1. Put the flour, yeast and salt into a large mixing bowl. Make a well in the centre and pour in the warm water.
2. Mix to form a rough dough then add the olive oil. Scrape out onto a lightly floured surface and knead for 5-15 minutes until you have a nice smooth dough. The dough will be quite sticky, but persevere and as you knead you will notice it come together and become smoother. Think baby's bottom; this may take you longer than anticipated.
3. Shape the dough into a round ball. Lightly oil a large bowl, then place the dough inside. Cover with lightly oiled cling film and leave to rise for an hour or so, until doubled in size (I sometimes take a photo when it goes in so I can monitor this).
4. Knock back the dough and leave to rise a second time, using the same lightly oiled bowl, with lightly oiled cling film across the top. You don't have to do this step if you don't have the time, it will work with one rise only.
5. Lightly grease a 25cm x 35cm shallow baking tin.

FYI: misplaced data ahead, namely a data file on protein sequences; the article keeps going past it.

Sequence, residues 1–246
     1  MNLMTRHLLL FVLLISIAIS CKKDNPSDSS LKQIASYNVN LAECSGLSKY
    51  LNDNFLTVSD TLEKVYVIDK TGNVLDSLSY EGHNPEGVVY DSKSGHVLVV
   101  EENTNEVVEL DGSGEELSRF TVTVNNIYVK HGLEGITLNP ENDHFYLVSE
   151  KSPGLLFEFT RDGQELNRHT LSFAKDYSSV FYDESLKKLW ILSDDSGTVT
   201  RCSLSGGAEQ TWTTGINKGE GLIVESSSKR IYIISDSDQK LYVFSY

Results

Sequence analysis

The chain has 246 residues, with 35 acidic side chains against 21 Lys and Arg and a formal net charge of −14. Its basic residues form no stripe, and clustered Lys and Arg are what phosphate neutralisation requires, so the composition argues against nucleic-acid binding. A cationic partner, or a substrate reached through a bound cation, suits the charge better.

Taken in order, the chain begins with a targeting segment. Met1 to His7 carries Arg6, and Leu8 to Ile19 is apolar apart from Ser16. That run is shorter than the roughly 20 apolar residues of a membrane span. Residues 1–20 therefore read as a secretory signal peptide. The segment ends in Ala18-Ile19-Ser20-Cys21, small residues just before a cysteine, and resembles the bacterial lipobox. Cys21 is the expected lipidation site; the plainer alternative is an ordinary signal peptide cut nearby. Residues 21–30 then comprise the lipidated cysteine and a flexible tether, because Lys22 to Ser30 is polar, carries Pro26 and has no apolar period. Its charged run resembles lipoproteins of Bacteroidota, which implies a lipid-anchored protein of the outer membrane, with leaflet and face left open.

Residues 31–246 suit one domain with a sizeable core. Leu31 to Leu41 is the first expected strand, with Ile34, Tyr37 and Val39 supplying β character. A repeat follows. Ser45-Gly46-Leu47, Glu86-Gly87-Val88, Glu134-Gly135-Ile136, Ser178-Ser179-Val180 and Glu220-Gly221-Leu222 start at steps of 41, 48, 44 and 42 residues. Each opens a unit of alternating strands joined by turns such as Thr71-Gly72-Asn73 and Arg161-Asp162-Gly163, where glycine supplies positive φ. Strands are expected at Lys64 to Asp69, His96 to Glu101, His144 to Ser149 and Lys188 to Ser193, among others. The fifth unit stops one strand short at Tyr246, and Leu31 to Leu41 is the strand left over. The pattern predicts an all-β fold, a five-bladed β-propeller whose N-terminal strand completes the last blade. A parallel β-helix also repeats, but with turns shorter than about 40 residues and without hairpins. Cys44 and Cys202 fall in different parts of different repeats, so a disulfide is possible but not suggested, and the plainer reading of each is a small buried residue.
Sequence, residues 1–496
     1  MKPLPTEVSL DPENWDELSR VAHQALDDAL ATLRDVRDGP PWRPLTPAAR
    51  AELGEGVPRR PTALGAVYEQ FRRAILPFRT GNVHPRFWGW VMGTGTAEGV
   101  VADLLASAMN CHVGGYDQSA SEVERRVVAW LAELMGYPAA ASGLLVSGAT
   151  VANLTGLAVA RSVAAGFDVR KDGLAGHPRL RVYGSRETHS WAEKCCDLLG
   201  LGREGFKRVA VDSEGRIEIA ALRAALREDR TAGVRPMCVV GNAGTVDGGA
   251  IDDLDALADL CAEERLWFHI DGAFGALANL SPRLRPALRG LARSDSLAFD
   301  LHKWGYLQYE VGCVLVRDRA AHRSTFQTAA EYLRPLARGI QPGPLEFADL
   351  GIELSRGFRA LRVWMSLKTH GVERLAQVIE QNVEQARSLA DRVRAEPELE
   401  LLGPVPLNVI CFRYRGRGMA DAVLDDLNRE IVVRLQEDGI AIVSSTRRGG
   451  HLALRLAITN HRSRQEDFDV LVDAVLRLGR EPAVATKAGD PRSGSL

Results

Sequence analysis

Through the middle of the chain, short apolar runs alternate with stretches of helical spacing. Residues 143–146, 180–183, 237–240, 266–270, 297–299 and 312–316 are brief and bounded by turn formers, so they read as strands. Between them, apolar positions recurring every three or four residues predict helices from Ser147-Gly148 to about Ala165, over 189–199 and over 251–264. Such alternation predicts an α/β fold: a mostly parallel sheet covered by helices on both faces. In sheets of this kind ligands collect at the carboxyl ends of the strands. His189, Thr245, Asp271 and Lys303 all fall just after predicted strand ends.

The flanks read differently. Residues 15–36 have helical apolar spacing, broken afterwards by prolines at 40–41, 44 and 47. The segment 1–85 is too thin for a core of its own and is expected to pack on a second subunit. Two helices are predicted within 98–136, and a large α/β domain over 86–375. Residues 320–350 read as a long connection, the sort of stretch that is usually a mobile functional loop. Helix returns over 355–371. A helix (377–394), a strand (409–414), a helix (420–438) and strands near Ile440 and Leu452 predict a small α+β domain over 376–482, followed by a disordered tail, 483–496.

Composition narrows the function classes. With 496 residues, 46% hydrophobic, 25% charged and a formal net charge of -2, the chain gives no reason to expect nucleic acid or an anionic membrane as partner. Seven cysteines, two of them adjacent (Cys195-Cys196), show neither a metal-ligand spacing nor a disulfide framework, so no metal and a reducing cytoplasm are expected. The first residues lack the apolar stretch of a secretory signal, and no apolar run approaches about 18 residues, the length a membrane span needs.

6. When the dough has risen the second time, shape into a rectangle and place in the baking sheet. Leave to rise another 30 minutes or so until light and puffy. Set the oven to 230 degrees.
7. Use your fingertips to make dents in the focaccia (the dough should hold the dents, if it springs back immediately, leave to rise for a little longer). Drizzle generously with olive oil, strew with coarse sea salt and the olives.
8. Bake in the oven for around 15-20 minutes until well risen and golden on top (you may need to reduce the oven temperature slightly after 10 minutes).
8. Remove from the oven and drizzle on more olive oil to be really indulgent. Leave to cool if you dare... mine is usually demolished on the spot. You can also add chopped herbs at this point - they will toast lightly from the heat of the focaccia.
This keeps well for a few days if you are happy to cut and lightly toast.
8 to accompany a starter
500g strong white flour
10g fine salt
5g fast action yeast
2 tbsp olive oil
350ml warm water
85g tin of green olives with pimiento, roughly sliced
Coarse sea salt sprinkled on top
Note: If the weather is on the nippy side, I often set my oven to 30 degrees to let bread prove, which yields more consistent results. Don't worry if your bread takes longer to rise - leave it alone and it eventually will!
When kneading the dough, keep on going until it's super smooth and when you poke it, it springs back. Again, this may take longer than you think!